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Universal Healthcare for Chronic Respiratory Diseases from Economic Perspective


Universal healthcare is already adopted in several countries, and their economic system is adjusted to effectively provide free medical care. Switching to it from any other plan is a complicated procedure regarding all the diseases and injuries. Most of the general measures and results will apply to the current situation with lung problems in the U.S. This paper will examine the economic factors that are connected to Chronic Respiratory Diseases and the concept of universal healthcare.

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Economic Principles and Indicators

Universal healthcare allows people to receive appropriate medical help when they need it and not use their financial resources. In this case, the government system covers prevention, treatment, rehabilitation, and palliative care, according to the World Health Organization (WHO, n.d.). Such an approach means that spending is included in the budget planning either through a tax system or sponsorship. For example, Canada’s Medicare receives just over 70% through taxation and the rest through private investors (Martin et al., 2018). The citizens feel proud of the system and continue paying taxes for it. This and several decades of practice indicate the successful implementation of universal healthcare in Canada.

Many U.S. citizens at the present moment cannot afford the treatment of asthma and other CRDs by paying for it themselves. Studies show significant medical spending as a considerable burden, especially for those with low- and middle-income (Patel et al., 2018). The situation is getting more complicated during COVID-19 and the global crisis times. Over 40% of Americans are likely to support the Universal Medical Care initiative (Lagasse, 2020). Such a response indicates that the U.S. Health and Economics Departments should consider changing the current medical care plans as they play a crucial role in resolving the massive CRD problems, whether it is another virus or pollution issue.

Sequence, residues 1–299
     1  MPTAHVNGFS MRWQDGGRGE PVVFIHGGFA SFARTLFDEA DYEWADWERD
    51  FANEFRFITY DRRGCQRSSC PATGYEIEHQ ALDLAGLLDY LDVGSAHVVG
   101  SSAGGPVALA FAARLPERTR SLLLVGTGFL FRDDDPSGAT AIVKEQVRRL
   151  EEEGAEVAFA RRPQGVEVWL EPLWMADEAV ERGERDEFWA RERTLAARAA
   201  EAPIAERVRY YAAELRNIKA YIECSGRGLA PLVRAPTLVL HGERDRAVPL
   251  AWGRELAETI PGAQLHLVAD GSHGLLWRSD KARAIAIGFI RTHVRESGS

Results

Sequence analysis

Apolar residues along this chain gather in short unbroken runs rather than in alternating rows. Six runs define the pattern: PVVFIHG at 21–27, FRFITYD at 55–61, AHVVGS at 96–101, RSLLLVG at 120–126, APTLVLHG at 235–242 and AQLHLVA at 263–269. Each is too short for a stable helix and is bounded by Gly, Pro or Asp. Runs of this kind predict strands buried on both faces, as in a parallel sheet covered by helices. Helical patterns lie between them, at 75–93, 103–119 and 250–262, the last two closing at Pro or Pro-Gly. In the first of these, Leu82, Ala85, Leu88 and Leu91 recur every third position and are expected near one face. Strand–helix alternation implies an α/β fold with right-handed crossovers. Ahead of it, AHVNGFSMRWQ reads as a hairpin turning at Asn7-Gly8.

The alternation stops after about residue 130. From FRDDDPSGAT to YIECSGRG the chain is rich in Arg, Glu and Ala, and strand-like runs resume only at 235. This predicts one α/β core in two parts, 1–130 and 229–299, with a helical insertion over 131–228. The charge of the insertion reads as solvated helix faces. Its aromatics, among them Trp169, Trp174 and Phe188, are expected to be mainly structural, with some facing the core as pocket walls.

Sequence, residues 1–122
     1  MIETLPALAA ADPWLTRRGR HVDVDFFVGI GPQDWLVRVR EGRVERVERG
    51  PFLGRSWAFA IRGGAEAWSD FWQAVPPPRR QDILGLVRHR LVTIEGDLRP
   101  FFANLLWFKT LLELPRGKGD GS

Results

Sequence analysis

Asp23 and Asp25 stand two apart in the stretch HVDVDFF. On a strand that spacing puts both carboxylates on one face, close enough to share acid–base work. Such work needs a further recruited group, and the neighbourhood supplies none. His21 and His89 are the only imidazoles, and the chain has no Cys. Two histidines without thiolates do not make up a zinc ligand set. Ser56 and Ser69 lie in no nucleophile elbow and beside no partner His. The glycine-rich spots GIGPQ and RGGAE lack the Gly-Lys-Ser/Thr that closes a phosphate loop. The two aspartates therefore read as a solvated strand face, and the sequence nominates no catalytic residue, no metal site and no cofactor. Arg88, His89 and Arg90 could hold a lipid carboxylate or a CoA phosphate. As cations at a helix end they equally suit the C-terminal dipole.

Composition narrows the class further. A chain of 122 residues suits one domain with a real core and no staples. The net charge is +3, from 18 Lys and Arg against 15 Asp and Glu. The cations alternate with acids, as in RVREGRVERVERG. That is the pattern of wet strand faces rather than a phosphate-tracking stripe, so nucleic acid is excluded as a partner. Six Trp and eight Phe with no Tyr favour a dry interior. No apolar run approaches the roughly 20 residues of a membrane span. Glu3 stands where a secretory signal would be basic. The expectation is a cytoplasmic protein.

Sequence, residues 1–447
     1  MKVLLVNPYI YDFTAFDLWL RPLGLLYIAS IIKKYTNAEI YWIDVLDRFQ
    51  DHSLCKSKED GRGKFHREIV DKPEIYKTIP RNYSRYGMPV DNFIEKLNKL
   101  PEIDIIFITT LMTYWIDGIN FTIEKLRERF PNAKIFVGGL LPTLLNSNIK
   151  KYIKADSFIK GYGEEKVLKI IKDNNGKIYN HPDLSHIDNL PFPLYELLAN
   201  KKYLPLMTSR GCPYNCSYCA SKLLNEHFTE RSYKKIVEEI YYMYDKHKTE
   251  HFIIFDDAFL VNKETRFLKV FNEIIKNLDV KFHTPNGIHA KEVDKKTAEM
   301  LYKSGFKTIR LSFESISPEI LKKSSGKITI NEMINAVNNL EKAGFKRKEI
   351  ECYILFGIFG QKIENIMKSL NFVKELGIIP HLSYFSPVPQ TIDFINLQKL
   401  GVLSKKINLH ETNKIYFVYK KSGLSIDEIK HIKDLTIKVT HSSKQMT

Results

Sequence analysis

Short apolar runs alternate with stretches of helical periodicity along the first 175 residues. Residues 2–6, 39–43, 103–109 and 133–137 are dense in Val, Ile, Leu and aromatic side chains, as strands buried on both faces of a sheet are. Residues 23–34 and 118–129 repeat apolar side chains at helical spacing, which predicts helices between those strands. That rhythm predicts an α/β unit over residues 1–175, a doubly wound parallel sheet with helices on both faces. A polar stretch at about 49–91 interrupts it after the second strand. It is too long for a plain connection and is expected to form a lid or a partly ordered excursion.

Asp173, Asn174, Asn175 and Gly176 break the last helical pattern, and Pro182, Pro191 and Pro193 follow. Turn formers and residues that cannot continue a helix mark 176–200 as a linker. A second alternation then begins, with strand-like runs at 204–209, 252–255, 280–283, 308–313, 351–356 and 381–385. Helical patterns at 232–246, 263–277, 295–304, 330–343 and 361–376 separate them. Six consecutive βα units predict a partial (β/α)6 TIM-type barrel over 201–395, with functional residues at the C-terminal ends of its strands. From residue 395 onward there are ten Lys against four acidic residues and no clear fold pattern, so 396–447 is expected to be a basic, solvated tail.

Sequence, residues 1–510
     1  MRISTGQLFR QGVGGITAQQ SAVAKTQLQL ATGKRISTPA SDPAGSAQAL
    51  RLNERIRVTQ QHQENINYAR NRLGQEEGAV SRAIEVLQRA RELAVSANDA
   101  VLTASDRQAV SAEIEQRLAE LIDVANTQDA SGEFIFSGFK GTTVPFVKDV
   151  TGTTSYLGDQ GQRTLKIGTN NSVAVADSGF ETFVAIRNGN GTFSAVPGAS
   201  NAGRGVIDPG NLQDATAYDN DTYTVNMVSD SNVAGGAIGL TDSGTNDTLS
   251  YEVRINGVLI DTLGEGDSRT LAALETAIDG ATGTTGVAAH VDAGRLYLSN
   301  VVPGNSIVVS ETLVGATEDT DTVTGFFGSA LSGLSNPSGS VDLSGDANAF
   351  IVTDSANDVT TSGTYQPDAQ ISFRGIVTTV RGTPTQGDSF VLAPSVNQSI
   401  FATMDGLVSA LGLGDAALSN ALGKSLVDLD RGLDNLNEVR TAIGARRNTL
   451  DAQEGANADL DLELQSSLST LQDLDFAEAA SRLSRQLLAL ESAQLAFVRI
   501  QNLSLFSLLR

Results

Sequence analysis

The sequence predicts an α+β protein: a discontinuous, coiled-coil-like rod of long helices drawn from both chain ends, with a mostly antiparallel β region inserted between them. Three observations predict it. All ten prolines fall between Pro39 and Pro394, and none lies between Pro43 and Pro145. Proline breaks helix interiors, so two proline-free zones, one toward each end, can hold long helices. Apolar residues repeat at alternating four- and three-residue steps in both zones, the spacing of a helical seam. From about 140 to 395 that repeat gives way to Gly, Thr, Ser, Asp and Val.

Economic Impacts

Chronic Respiratory Diseases, while being the primary concern during the COVID-19 pandemic, require different types of spending when being treated. That includes direct and indirect medical costs, about 35% of the total spending covering the medications (Lakiang et al., 2018). The duration of the CRD hospitalization and recovery phases affect the total cost of treatment. The COVID-19 cases sometimes require several months of medical care, which can amount to unbearable sums of money for some U.S. citizens. When compared to Canadian, the American health system appears relatively inefficient and expensive (Martin et al., 2018). The resources invested in American affordable medical care plans are outweighed by the unexpected and unpredictable spending during the pandemic.

The Larger Context

CRDs are a significant medical issue for many people all over the world. Millions died because of Chronic Obstructive Pulmonary Disease and asthma, whether caused by COVID-19, genetics, environmental problems, or allergies (To et al., 2020). The lung problems require massive spending on research, medicine production, therapies, and personnel training. Living with CRDs limits career opportunities, housing choices, traveling, and entertainment activities. Giving the guarantees of maximal financial and medical support to the population could encourage better resource distribution and lead to significant overall life quality satisfaction and less stress. Universal medical care could be the trigger for such economic change.